11. High blood sugar (pre-diabetic or diabetic) or hypertension or low blood sugar. Type 1 diabetes is an autoimmune disorder, which we'll read more about further down. 
10. Asthma, arthritis, hypertension, fibromyalgia, tension headaches and migraines or temporomandibular joint (TMJ) disorders: more autoimmune disorders, along with a few "garbage" diagnoses when doctors just give a name to a pain.
9. Chronic fatigue and/or anemia. So tired you fall asleep at stop lights and have to call a babysitter to watch your kids while you're home because you keep falling asleep in the middle of board games? Terina was before her diet change. Celiac disease affects your ability to absorb iron--so no matter how many supplements you take (or how many cans of spinach you gulp, Popeye-style, before you give blood) you can't increase your hematocrit levels.
8. Any other autoimmune disorders (Lupus, alopecia, rheumatoid arthritis, vitiligo, multiple sclerosis, autoimmune hepatitis, and about 30 others I can't pronounce). "I would suggest that if you have an autoimmune disease you get tested for gluten sensitivity, and if you're gluten intolerant, you should get screened for autoimmunity" says this article by MD Amy Myers (read the whole thing if you have time, it's really comprehensive).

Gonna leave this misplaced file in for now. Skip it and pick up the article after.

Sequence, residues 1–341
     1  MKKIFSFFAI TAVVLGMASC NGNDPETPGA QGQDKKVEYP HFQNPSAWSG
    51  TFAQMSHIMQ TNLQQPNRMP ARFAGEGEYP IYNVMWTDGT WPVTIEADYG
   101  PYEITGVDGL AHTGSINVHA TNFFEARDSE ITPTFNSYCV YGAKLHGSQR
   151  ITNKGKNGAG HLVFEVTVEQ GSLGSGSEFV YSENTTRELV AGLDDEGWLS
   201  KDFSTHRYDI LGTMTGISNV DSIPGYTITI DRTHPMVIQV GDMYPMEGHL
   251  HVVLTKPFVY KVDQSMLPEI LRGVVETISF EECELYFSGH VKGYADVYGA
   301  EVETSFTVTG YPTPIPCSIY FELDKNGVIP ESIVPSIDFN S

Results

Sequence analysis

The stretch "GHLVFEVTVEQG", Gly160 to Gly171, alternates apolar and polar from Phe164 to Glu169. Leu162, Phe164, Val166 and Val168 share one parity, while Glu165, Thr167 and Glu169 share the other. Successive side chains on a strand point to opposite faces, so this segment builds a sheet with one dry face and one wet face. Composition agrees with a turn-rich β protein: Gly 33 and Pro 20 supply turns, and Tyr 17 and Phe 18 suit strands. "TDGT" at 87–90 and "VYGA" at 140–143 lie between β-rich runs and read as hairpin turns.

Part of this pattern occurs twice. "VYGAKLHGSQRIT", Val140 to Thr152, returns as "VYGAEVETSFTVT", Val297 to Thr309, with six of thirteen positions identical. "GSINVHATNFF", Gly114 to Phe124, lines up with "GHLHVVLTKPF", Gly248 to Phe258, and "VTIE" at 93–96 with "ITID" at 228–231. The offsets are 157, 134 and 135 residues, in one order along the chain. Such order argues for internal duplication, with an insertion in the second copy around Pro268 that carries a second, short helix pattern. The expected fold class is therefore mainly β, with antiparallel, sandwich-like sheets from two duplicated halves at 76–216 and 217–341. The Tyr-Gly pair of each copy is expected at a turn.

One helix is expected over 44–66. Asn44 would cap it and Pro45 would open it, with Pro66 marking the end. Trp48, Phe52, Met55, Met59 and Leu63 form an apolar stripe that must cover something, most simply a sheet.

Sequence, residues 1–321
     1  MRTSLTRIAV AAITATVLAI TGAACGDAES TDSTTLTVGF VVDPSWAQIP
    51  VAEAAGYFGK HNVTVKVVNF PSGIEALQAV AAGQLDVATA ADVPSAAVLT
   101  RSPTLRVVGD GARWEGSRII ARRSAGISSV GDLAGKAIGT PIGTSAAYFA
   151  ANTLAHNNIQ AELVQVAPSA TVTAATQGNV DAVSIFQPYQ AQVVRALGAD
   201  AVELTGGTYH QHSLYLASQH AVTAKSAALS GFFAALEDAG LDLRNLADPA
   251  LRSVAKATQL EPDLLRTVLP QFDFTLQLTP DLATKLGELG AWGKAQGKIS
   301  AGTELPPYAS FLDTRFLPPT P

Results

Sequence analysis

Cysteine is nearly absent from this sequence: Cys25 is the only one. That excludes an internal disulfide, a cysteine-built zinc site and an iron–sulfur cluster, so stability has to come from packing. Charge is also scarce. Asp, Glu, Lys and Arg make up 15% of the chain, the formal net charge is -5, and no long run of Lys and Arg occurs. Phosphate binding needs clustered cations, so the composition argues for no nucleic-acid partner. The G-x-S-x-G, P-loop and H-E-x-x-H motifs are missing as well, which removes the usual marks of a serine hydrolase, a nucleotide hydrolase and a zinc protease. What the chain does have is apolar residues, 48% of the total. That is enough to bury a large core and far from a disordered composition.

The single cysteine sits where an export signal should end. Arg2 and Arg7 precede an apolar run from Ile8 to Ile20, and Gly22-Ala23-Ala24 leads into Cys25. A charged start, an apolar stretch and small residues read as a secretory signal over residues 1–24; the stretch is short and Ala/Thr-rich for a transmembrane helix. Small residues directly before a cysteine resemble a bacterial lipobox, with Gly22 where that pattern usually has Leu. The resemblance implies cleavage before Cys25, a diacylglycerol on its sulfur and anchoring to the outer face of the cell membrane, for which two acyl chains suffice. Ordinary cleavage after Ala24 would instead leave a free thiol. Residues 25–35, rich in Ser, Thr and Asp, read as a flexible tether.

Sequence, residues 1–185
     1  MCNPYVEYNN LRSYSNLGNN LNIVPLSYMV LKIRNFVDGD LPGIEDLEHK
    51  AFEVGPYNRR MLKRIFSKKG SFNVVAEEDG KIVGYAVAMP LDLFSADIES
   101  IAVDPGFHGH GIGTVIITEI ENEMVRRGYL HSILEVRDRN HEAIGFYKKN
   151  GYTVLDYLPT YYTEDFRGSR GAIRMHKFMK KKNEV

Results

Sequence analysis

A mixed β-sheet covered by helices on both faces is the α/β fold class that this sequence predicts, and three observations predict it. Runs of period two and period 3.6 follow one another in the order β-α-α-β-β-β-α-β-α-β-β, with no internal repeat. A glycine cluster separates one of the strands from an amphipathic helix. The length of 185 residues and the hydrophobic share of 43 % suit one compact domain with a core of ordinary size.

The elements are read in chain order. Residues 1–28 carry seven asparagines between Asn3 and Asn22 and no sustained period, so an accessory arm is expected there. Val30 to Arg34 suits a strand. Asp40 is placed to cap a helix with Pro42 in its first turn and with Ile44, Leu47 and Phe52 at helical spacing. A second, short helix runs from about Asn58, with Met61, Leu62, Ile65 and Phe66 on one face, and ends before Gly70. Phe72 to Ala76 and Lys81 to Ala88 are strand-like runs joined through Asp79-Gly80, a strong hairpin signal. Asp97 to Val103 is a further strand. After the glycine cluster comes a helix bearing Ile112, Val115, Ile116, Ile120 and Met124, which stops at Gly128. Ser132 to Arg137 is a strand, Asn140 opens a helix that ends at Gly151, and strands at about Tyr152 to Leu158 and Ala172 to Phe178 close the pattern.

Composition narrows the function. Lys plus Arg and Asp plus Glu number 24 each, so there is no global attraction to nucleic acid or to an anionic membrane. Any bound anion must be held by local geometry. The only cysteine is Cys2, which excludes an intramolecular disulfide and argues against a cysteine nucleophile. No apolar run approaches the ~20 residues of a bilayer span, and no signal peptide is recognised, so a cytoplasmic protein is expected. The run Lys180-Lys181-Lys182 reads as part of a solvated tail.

7. ANY Irritable Bowel Syndrome (IBS) symptoms (diarrhea, constipation, bloating, heartburn), and any Inflammatory Bowel Diseases (IBD) including Crohn's and Colitis (detractor here disproved by 100+ posts of UC non-celiacs here). This is an obvious one, people, it's even on wikipedia.
6. Thyroid/ Graves' disease/ Hashimoto's (more autoimmune disorders that aren't usually lumped with the others). Thyroid disease is another that many doctors still refuse to connect to gluten. Give 'em a couple years.
5. Odd or uncontrollable weight loss OR gain, or inability to lose or gain weight despite diet and exercise changes. Your body is calculated to keep you alive, but it starts wigging out when you're poisoning your own digestive tract ("wigging out" being a technical term for losing or holding onto fat stores or muscle tone in response to nutritional deficiencies--ie, your body won't lose fat when it's essentially starving.)
4. Skin rashes, including eczema and psoriasis: ever had the itch to, you know, tear your skin off your body? When it seems like a Niagara Falls of lotion won't fix it? Been there. Think about how you could take the family to Disneyland just from the lotion savings if going off gluten fixes THIS problem!